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News / Business / Clark County Business

Co-working space flourishes in downtown Vancouver

Columbia Collective allows small businesses, freelancers to share offices

By Brooks Johnson, Columbian Business Reporter
Published: May 9, 2016, 5:05pm
3 Photos
Web designer Kylan Johnson works May 3 at the new Columbia Collective in downtown Vancouver. The co-working space brings freelancers and small companies together under one roof. &quot;As a local Web designer, it&#039;s nice to be around other people in the creative industry,&quot; Johnson said.
Web designer Kylan Johnson works May 3 at the new Columbia Collective in downtown Vancouver. The co-working space brings freelancers and small companies together under one roof. "As a local Web designer, it's nice to be around other people in the creative industry," Johnson said. (Natalie Behring/The Columbian) Photo Gallery

Local paintings hang on the sun-soaked brick walls along the open second floor of an old downtown Vancouver building. Creative types mingle under cleverly designed lighting fixtures, and the coffee and beer is free.

This is no art gallery, however. This can be your office.

“We just wanted to make it a cool, creative workspace where people want to come to work every day,” said Max Mikhaylenko, a founder of the downtown Vancouver co-working space Columbia Collective.

The collective opened in April and already has 20 members, including freelancers and small companies, who rent space and share resources. No regular hours here: the members come to work when they want at 1010 Washington St. Suite 200.

In an economy where working remotely is increasingly commonplace, the trend is moving out of the home office and into communal spaces.

“Working in isolation is detrimental — I’ve done it,” said Mikhaylenko, himself a freelancer with space at Columbia Collective. “Our motto is ‘together is better.’ ”

Columbia Collective hosts individual offices (which are already all taken), permanent desks and “flex” desks for monthly fees ranging from $175 to $350.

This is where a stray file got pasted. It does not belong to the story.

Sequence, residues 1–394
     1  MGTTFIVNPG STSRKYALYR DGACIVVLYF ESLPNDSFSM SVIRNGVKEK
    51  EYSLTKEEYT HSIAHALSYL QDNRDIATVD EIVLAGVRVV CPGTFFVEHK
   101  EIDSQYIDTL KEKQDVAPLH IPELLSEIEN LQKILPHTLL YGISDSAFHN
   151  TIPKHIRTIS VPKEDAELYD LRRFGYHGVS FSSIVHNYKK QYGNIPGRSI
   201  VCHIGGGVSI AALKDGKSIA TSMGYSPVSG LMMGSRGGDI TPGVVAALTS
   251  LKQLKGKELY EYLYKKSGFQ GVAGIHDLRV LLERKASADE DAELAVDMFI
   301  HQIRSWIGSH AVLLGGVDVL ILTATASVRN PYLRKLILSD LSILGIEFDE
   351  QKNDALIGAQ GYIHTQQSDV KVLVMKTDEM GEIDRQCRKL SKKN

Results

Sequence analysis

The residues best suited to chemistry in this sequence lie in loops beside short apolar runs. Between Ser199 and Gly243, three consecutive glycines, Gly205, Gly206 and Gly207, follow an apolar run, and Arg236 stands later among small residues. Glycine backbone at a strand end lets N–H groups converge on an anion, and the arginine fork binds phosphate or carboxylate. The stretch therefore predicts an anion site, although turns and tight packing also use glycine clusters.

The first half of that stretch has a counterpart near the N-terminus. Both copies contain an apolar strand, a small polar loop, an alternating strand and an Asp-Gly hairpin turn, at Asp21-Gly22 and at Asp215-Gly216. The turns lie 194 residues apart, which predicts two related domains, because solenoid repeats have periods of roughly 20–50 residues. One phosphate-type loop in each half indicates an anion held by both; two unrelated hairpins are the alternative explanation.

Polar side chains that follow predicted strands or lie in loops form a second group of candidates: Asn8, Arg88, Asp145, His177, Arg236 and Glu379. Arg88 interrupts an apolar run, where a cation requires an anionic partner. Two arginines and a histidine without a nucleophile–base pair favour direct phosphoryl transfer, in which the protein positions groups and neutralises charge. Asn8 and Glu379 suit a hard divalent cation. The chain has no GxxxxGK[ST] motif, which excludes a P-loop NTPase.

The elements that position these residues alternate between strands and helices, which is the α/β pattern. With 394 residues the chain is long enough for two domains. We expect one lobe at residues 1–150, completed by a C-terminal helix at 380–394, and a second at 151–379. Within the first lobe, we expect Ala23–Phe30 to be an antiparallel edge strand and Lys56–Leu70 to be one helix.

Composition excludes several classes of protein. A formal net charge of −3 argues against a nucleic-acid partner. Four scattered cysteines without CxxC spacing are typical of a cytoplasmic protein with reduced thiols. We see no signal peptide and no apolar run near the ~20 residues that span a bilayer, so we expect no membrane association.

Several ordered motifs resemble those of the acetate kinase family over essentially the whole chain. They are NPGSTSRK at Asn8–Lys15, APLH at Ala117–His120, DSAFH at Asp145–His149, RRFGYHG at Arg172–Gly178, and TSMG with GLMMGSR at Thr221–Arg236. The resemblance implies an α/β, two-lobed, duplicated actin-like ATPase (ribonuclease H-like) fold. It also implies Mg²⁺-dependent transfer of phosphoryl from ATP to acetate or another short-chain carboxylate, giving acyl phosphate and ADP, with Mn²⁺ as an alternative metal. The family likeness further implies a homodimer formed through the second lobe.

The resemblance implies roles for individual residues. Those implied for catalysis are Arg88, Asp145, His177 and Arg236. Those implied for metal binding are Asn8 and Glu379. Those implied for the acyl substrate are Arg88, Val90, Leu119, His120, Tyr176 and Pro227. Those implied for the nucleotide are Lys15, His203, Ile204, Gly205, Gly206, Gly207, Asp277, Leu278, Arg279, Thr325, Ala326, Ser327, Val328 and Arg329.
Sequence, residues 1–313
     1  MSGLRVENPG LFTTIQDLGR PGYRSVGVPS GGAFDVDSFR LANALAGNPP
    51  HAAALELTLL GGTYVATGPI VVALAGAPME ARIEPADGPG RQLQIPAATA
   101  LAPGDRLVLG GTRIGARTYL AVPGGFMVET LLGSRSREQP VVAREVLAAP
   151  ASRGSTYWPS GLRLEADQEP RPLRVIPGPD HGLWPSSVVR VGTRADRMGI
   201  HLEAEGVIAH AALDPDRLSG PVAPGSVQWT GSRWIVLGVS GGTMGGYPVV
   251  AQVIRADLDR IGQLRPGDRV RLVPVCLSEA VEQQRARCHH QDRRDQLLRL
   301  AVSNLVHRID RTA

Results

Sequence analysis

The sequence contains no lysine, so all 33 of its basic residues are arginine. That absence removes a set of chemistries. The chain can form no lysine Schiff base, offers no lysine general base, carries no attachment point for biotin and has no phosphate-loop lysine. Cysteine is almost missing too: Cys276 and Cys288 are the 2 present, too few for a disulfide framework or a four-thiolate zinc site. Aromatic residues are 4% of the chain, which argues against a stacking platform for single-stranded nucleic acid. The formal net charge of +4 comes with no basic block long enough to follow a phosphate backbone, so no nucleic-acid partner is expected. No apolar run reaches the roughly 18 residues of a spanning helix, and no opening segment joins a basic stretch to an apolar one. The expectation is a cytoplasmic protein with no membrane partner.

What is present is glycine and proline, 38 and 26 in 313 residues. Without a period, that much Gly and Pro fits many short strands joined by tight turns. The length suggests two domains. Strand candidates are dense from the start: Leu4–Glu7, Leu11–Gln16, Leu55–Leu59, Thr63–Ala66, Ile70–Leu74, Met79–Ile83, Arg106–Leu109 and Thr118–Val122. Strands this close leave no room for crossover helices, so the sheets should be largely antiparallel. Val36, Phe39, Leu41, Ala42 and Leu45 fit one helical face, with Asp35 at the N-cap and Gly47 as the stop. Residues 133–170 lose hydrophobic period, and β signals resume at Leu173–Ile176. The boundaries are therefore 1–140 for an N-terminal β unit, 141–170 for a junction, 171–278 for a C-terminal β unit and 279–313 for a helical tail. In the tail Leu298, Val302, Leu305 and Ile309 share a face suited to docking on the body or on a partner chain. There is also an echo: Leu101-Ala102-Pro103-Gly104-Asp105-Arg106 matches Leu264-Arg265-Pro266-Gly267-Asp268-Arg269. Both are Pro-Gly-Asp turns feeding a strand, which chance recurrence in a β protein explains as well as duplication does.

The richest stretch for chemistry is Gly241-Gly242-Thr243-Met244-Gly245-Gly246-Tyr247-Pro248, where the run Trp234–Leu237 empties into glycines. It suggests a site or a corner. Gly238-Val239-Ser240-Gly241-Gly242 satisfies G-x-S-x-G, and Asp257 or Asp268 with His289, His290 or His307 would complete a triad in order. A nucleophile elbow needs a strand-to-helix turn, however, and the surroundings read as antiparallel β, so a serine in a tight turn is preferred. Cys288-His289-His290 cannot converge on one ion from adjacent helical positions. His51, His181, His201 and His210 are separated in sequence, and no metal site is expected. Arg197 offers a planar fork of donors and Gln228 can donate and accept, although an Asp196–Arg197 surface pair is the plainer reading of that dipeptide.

Last week a writer, an industrial designer and Web developer were all keeping early hours at the space, which is still coming together even as the co-founders eye future expansion.

“This feels like the early days of Portland’s Pearl District — there’s a cool, quaint energy here,” said writer and Portlander-turned-Vancouverite Dan Meyers from his decorated private office at the collective. “A lot of people here have crossover skills. Everyone will be able to share business with each other.”

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The collective was modeled after offices like NedSpace in Portland and a host of others in tech-savvy cities around the country. A pingpong table doubles as a conference table visible from the entryway, while another tech-equipped meeting room can be reserved on a tablet. High-speed Internet is included, of course, and 24-hour access is available. While there are plenty of spaces like that across the river, Vancouver hasn’t seen anything quite like Columbia Collective until now.

Mikhaylenko and Alex Pavlenko, both 29, met at Evergreen High School and recently decided to create a space for their hometown’s creative community.

“We’ve got the startup bug; we’re startup junkies,” Mikhaylenko said. “I see this as a startup hub for downtown Vancouver. We’re just local dudes who believe in Vancouver and want to make it great.”

The two men self-financed Columbia Collective and plan to build out the space in phases, with the dream of someday taking over the whole floor. While they admit the co-working space by itself “doesn’t pay the bills,” it was never meant to be a money-making venture in the short term.

“I think Vancouver is ready for a space like this, so we said, ‘Let’s provide this resource for the community,’ ” Mikhaylenko said.

The two recruited some people they knew in the broader startup community — several from Portland — to join the collective, while others heard about it at the right time.

“It’s kind of the future of independent business professionals,” said 23-year-old Web designer Kylan Johnson from a sunlit desk nestled in a warm corner — a big change from the windowless basement office where Vancouver man worked before.

One entrepreneur is using an office at Columbia Collective as a second location.

“As a startup, every dime counts,” said Jessica Chan, a designer and owner of WinkPens, a new Kickstarter-backed company that makes pens capable of using any staining liquid as ink. “The mornings I don’t have meetings in Portland, I get to skip the traffic.”

As her company grows, Chan may grow out of co-working spaces, opening up her office for other entrepreneurs to get plugged in.

Mikhaylenko and Pavlenko said the co-working trend was made possible by cloud computing, which increased the “ability to work smoothly remotely.”

Along with creating an attractive and productive workplace, having a bunch of creative resources under one roof can help with networking, and Pavlenko said events will be a big focus of Columbia Collective.

“We’ll be really focused on events, workshops and a community hub,” Pavlenko said.

He added that as the co-working space grows, Vancouver itself stands to benefit.

“As we bring a creative group of people together, the local economy will flourish.”

Columbian Business Reporter